A roast chicken is a special thing. Filled with memories of family dinners, fighting over who gets the wings, drenched in gravy and served with roast vegetables scorched at the edges.
It seems like the easiest thing in the world to cook. Throw it in the oven, wait an hour or so and voila! Dinner is ready to go. Except when it’s under cooked. Which can make everyone sick. So you put it back in the oven, crank up the heat, and then it’s as dry and tough as, well, over cooked meat.
There’s been a rise in good quality rotisserie chicken stores recently on both sides of the Tasman, with chicken that is moist and tender (unlike the average supermarket hot box chook). They all have one thing in common – their chickens are brined before cooking.
Brining is a wonderful thing. It’s about as easy as it’s possible to be, it just needs a little planning. It almost guarantees succulence every time you roast. If you add a few herbs and chopped vegetables to the brine, there’s extra flavour permeating the whole bird, so it becomes more like a marinade.
And if you get into the habit of using a meat thermometer at the thickest part of the chicken, you can avoid under cooking (dangerous!!) or over cooking (old boot like).
1 whole chicken (free range ideally)
1/2 cup salt
1/2 cup sugar
2 cups of water, plus extra to cover chicken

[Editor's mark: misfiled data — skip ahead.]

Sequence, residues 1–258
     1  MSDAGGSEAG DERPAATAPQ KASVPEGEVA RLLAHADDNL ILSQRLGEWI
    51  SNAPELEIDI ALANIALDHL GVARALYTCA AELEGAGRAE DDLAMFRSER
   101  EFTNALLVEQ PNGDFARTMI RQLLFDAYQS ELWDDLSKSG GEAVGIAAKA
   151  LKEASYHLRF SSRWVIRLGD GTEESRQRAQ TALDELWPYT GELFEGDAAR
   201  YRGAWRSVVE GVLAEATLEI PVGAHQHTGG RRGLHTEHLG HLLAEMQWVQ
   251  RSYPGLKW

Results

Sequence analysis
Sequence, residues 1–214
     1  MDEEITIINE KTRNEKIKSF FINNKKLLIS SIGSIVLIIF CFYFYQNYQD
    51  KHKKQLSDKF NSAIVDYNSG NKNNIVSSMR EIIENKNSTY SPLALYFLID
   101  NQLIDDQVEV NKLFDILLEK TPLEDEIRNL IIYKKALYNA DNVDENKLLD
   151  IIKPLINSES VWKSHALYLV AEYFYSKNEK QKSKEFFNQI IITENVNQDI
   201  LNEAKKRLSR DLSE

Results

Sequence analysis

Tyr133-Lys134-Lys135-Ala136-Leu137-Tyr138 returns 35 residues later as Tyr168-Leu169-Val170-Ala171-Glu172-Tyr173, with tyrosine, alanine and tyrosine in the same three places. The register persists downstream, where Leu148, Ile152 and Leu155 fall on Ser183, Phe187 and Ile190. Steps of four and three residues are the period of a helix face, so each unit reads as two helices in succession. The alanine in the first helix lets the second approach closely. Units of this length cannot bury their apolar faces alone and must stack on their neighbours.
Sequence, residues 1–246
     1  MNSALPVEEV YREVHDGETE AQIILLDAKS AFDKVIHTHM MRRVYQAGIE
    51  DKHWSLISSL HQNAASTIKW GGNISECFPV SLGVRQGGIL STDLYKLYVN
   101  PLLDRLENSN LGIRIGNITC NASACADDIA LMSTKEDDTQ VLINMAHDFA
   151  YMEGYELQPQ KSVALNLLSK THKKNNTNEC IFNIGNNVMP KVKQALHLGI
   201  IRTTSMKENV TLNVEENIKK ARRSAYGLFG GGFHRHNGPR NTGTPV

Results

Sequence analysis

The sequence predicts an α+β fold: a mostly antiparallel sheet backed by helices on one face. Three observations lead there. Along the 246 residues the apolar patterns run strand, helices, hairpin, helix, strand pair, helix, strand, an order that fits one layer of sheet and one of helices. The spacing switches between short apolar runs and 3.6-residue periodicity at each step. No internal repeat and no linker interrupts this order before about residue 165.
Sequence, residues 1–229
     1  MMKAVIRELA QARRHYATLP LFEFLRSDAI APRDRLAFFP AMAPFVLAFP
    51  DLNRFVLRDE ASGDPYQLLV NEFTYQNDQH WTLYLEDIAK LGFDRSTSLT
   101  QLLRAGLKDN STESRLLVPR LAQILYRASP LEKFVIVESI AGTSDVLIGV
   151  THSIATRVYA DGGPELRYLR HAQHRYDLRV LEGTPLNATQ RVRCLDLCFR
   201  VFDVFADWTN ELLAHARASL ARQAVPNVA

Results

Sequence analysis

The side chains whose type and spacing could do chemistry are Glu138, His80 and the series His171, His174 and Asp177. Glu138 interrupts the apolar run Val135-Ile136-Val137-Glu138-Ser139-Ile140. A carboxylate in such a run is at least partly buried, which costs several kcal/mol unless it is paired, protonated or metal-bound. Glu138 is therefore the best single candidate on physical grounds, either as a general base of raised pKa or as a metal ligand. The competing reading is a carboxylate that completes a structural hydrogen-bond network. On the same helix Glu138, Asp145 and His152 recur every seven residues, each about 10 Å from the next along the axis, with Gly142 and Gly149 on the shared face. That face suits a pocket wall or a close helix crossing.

- Mix together salt, sugar and water together in a large pot (one large enough to hold a whole chicken)
- Bring to the boil over a high heat until salt and sugar have dissolved
- Remove from heat and refrigerate until cold
- Add chicken to the brine and cover with extra water
- Return to the fridge and leave to cure for between 6 and 12 hours (or overnight)
- Drain brine from chicken, pat chicken dry and roast as normal
Brine with extra flavour:
One quantity of basic brine, as above, prepared to step 2
1/2 onion diced
1 carrot diced
1 celery stick sliced
2 cloves garlic chopped
1 bay leaf
handful of thyme sprigs
- Add all ingredients to the hot brine
- Follow steps 3 to 6 above, discarding vegetables and stuffing herbs into the chicken cavity
- I always roast my chickens at 180°C for approximately an hour
- Chicken is cooked when juices from the thickest part of the chicken run clear (ie. No blood)
- For a more accurate measure, use a meat thermometer. When the internal temperate of the chicken is between 75-80°C (prior to resting), the chicken is cooked
- When brining the chicken with extra flavour, feel free to change out the spices and herbs. Try adding lemon and oregano (instead of thyme), put the lemon inside the cavity before roasting. Add fennel seeds, chilli flakes, peppercorns, cumin seeds for extra punch.
- To keep as much moisture as possible in the breast, I roast the chicken breast side down for the first half hour, then turn it over for the remaining time in the oven
- The downside of brining is that crispy skin is sacrificed in favour of taste and moisture, but I guess you can’t have everything!